Among the 100-plus photographs is a quartet that shows the remarkable changes to Toronto's skyline over a half-century. Others capture the 1939 royal visit, steam trains in their twilight years, the evolution of the Hospital for Sick Children, a look at Christmas past, and glimpses of a few landmark buildings we weren't smart enough to keep. "A Toronto Album 2" is a keepsake Torontonians will treasure.
Mike Filey had a column in the Toronto Sun for about 30 years and I read it for many years (I like learning about the history of Toronto). I've read all his books where he compiles some of his columns. In this book, Filey includes over 100 photographs with a description of what the picture is and what was going on at the time.
He starts by showing Toronto's skyline in 1925, 1932, 1970 and 2002. Wow! What a change! The book also includes pictures and descriptions of:
- Toronto's ladies
- The Toronto Transportation Commission
- Hurricane Hazel
- The Notorious Boyd Gang
- The CNE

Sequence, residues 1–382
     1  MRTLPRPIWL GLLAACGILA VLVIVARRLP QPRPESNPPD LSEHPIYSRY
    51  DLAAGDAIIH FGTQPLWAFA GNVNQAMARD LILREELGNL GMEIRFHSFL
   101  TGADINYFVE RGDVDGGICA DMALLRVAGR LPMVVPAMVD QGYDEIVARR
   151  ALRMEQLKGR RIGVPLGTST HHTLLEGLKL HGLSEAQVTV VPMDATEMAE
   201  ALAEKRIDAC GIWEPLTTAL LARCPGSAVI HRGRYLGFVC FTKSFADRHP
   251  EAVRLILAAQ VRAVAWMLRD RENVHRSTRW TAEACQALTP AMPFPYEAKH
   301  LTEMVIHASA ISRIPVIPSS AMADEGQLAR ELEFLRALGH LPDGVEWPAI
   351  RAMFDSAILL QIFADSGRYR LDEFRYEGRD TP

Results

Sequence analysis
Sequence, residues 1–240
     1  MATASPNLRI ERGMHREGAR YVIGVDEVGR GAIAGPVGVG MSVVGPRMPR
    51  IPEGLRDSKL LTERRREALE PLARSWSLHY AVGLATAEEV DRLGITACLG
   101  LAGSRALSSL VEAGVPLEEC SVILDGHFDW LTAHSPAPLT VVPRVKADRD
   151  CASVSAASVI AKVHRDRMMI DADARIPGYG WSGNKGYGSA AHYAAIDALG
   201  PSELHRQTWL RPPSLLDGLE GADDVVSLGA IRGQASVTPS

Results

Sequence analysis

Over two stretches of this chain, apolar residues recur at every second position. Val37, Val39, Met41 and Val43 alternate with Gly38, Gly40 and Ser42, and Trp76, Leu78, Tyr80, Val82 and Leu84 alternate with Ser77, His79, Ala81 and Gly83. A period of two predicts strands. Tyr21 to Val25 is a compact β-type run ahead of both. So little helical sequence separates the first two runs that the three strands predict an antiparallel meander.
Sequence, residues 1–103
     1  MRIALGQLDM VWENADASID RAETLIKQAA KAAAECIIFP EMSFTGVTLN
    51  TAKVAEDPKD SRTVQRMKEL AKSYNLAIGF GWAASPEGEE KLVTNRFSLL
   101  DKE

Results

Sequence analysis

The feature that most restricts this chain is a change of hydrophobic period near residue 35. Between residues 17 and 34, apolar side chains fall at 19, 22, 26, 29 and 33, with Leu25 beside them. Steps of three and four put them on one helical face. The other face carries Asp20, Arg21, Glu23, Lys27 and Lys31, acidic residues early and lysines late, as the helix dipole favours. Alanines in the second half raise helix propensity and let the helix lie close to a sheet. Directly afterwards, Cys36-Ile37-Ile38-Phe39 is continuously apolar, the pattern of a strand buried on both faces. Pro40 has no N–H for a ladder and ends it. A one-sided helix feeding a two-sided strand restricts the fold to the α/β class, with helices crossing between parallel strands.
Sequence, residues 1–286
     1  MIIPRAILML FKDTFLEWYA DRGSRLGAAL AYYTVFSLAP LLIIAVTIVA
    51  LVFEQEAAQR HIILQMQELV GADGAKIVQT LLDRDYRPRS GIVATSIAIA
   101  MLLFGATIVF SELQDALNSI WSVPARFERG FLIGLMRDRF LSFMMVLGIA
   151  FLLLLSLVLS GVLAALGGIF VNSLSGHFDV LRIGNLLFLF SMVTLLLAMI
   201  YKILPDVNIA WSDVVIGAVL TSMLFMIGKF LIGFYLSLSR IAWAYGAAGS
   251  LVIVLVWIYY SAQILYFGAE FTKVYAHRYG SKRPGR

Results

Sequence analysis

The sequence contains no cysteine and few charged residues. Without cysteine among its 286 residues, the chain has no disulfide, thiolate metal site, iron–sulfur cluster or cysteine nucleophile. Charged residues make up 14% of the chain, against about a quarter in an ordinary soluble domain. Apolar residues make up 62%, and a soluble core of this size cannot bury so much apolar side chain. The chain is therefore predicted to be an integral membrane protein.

- Toronto's sports facilities
- Toronto's contribution to the war effort
- Toronto's motion picture theatres
- Buildings that have been demolished
- Royal visits to Toronto
- Toronto Island
- Toronto's rail lines in days of old
- Traffic problems
Filey mentioned the Avon Theatre. When I moved to my 'hood in 2001, there was a rent-to-own store with a marquee above the doorway on the NW corner of Dovercourt/Queen Street W. A few years later, Starbucks took it over.
The building was constructed in 1887. The ground floor contained a fruit market, with apartments above it. It remained a retail outlet until 1915, when Child’s Theatre opened on the premises. This theatre lasted only a year and then it became King’s Hall and King’s Playhouse Theatre, operated by Mr. King Hyman. In 1950, it became the Avon Theatre, a 325 motion picture theatre. Source: Historic Toronto
Even though it was published in 2002, it was an interesting book because the pictures of older Toronto were great. If you live in Toronto or are from Toronto, you should check it out.
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